Massage therapy is an approach that some people use to treat their arthritis symptoms. The information below will help you understand more about this therapy, if it can help with your symptoms of arthritis, and how to find a provider.
What is massage therapy?
This treatment is a form of touch therapy that uses many different techniques and approaches to help alleviate pain, stess and anxiety. Each technique involves the manipulation of soft tissues, and touch. You can specify with your therapist if you prefer a light touch, moderate, or a deeper firm pressure.
How does massage therapy work?
When used to help alleviate pain, massage therapy works by stimulating nerve endings in the surrounding tissue. The additional stimulation sends messages to the brain which compete against pain signals for attention, and alter how the brain interprets the pain signals. Massage can also help give a sense of relaxation, which can reduce muscle tension and stress, which also contributes to pain reduction.
Can massage therapy be used to treat arthritis symptoms?
While some people with arthritis report experiencing symptom relief from massage therapy, there is currently a lack of reliable evidence on the usefulness to improve arthritis symptoms.
Using massage therapy to address arthritis symptoms involves focusing on the impacted muscles and tissues with the intention of reducing pain and swelling, increasing joint mobility, and promoting relaxation and stress relief. Massage can also help improve mood and increase blood circulation through tissue movement, which can help increase circulation to the joints.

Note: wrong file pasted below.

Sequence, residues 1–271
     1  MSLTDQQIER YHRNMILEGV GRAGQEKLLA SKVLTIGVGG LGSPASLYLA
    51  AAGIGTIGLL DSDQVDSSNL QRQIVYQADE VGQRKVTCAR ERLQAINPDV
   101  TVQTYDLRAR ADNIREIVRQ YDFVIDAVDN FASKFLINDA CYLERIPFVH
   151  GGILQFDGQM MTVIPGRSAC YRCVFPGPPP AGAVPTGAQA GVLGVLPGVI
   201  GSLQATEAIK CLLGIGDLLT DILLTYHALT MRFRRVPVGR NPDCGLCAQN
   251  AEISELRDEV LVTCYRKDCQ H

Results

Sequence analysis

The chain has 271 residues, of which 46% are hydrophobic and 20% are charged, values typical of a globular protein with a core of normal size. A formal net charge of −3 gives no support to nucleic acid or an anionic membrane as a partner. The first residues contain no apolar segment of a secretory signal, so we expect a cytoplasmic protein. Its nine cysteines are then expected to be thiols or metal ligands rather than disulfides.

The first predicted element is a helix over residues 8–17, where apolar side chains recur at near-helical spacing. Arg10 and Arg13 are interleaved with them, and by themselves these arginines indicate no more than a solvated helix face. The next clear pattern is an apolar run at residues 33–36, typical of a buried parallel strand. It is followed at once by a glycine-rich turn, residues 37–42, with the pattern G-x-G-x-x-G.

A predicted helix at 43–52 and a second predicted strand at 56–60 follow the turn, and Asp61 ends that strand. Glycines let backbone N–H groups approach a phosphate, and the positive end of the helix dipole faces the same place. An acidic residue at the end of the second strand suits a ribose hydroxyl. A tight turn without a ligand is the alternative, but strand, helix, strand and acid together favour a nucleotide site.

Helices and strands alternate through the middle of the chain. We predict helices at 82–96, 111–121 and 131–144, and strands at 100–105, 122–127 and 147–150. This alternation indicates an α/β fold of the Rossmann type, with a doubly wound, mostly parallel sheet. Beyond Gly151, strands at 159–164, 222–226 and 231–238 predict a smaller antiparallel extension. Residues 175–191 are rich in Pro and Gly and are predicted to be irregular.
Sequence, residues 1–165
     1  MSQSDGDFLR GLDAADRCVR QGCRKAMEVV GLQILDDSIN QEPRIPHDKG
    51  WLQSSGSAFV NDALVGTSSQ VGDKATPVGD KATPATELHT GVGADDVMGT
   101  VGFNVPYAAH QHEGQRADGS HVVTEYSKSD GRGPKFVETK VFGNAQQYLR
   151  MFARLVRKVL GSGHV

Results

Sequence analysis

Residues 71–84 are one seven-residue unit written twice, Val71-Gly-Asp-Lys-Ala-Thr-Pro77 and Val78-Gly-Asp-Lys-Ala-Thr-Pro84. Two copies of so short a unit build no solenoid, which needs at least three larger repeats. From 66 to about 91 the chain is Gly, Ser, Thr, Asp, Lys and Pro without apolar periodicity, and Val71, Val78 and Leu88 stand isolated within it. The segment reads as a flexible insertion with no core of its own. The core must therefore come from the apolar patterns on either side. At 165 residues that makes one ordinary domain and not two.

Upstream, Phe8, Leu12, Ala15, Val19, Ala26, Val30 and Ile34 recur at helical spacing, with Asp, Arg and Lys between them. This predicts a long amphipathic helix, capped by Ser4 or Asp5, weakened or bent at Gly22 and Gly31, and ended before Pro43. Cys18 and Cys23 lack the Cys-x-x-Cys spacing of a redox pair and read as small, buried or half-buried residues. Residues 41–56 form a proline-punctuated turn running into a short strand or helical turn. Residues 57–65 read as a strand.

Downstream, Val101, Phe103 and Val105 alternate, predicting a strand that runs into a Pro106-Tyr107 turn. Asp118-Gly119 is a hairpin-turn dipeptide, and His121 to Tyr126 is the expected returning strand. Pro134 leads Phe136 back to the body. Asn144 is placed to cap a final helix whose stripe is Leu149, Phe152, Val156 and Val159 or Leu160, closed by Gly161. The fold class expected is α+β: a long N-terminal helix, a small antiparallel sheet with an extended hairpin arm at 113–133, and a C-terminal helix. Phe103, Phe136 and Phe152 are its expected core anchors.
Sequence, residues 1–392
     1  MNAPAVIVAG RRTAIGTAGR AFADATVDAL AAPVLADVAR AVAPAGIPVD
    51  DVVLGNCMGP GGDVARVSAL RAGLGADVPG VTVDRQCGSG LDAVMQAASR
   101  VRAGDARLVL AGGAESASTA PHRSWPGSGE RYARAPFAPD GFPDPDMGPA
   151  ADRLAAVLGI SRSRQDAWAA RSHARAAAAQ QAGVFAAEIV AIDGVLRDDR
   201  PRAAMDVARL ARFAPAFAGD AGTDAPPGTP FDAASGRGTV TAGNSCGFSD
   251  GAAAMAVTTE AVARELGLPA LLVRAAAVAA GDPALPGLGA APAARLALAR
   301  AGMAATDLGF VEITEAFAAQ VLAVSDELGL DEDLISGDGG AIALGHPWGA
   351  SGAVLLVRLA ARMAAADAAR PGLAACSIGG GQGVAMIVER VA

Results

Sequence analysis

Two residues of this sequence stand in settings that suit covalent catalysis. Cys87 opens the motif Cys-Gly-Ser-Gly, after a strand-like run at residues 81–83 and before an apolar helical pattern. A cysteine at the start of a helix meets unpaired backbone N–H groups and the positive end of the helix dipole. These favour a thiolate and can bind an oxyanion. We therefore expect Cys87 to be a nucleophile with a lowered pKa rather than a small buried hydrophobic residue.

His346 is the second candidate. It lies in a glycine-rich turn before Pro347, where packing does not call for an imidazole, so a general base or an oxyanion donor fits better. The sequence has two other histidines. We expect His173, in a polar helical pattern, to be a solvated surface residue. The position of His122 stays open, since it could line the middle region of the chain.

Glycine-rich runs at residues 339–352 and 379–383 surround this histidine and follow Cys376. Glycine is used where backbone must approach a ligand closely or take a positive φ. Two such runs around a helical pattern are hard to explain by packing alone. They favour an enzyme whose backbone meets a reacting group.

Massage is often a lower risk form of complementary therapy, however it is not appropriate for everyone. Always check with your healthcare team before adding a new form of therapy to your treatment plan.
Massage is not recommended when people are experiencing an arthritis flare or have hot, swollen or inflamed joints, as this could make symptoms worse.
How do I find a provider?
It is important to speak to your doctor or rheumatologist before trying any new treatment, to make sure that it is appropriate and safe for you.
When seeking a provider to complement to your arthritis treatment plan, be sure to use a Registered Massage Therapist (RMT) and let them know about your condition. If you have coverage for complementary therapies under a health insurance or benefits plan, these plans typically only cover services provided by a registered professional.